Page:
ISIS claimed responsibility for a Central Asian attack in which foreign cyclists were struck by a car and then stabbed by the sedan’s occupants.
The U.S. Embassy in Dushanbe, Tajikistan, confirmed that two U.S. citizens were killed in the mid-afternoon Sunday incident in the Danghara district, about 150 miles south of the capital Dushanbe.
A Swiss citizen and a Dutch citizen were also killed. The embassy said seven cyclists in all were struck by the car.
Tajikistan’s interior minister said the assailants were armed with knives and guns; Tajikistan’s Asia-Plus media group reported that three suspects were killed in a confrontation with police in the village of Osmondara. Another suspect was reportedly arrested.
Asia-Plus cited the head doctor at the local hospital as saying puncture wounds consistent with a knife attack were found on at least some of the cyclists who were injured. One stabbed cyclist is reportedly French.
“As of now, the U.S. Embassy has no evidence that indicates a heightened level of threat to U.S. citizens. We encourage U.S. citizens to maintain awareness of their surroundings and take the precautions recommended below,” the embassy said in an alert today. “We condemn the senseless attack, offer our deepest condolences to the families of the victims, and wish the injured a speedy recovery. Because of privacy concerns, we are unable to share further details about the U.S. citizens.”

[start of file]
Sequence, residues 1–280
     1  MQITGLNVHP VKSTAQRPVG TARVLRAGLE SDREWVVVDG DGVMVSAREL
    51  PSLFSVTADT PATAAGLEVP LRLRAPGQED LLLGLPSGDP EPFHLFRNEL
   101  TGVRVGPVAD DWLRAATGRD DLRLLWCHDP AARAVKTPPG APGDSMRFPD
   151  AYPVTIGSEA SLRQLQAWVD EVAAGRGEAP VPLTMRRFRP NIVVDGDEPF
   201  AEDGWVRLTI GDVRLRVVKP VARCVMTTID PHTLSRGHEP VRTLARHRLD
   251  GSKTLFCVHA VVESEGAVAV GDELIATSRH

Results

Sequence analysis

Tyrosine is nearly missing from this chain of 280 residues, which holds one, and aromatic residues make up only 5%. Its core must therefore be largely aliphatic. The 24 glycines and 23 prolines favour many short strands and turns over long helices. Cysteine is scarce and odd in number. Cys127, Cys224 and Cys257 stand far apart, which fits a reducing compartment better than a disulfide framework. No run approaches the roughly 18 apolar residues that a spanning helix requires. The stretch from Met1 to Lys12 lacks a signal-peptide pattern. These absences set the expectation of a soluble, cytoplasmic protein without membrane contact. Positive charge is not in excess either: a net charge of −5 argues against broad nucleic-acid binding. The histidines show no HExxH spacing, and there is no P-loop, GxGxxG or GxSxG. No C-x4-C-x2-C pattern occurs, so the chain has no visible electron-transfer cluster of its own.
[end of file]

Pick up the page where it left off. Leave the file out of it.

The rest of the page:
“The Embassy commends Tajik authorities on their professional and quick response to the incident, and we will continue to work closely with them on the ongoing investigation,” the statement added.
The State Department’s Tajikistan travel advisory level is currently at “1,” the lowest possible, meaning travelers should just “exercise normal precautions.”
“While terrorist organizations are known to have a presence in the region, terrorist attacks have been infrequent in recent years and focused on local government targets, such as law enforcement and security services. Other violent acts are generally criminal-on-criminal or criminal-on-security services activity related to the narcotics trade,” says the State Department’s travel information. “Supporters of the Islamic Movement of Uzbekistan (IMU), the Islamic Jihad Union (IJU), Jamaat Ansarullah, and al-Qaida may target U.S. government or private interests in the region, including Tajikistan.”
The ISIS claim of responsibility, issued through their Amaq news agency, offered no proof and used standard language seen in other claims, stating that they “were soldiers of the Islamic State and carried out the attack in response to calls to target the citizens of the coalition countries.”
If true, it would be the first ISIS attack in Tajikistan, even though hundreds of Tajiks made the journey to Iraq and Syria to fight for the Islamic State.